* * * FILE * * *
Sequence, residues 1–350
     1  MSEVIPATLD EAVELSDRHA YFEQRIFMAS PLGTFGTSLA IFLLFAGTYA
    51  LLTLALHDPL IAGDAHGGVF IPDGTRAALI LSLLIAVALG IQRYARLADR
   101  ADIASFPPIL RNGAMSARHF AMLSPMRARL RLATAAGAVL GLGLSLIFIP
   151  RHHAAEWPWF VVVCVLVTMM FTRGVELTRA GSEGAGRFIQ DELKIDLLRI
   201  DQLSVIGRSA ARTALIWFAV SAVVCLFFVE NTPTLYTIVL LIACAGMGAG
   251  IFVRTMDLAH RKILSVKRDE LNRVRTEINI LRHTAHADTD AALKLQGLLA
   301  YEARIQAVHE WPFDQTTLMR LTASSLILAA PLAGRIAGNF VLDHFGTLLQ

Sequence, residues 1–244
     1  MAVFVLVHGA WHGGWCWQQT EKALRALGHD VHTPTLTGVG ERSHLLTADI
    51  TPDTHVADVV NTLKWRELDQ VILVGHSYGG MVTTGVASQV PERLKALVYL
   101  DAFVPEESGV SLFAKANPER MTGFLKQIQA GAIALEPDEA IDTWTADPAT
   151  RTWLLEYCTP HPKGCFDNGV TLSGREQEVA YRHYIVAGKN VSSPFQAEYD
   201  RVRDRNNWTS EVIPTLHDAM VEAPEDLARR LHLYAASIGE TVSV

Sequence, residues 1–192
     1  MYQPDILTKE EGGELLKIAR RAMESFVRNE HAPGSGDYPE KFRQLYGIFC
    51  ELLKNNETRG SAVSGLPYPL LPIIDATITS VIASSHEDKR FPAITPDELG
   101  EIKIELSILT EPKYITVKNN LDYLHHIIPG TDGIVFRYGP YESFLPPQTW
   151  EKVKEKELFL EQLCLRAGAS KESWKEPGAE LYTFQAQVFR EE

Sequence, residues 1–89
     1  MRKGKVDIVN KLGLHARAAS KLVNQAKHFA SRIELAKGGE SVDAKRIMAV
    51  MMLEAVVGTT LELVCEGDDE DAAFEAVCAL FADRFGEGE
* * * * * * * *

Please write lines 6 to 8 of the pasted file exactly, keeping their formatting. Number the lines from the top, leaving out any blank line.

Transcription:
   201  DQLSVIGRSA ARTALIWFAV SAVVCLFFVE NTPTLYTIVL LIACAGMGAG
   251  IFVRTMDLAH RKILSVKRDE LNRVRTEINI LRHTAHADTD AALKLQGLLA
   301  YEARIQAVHE WPFDQTTLMR LTASSLILAA PLAGRIAGNF VLDHFGTLLQ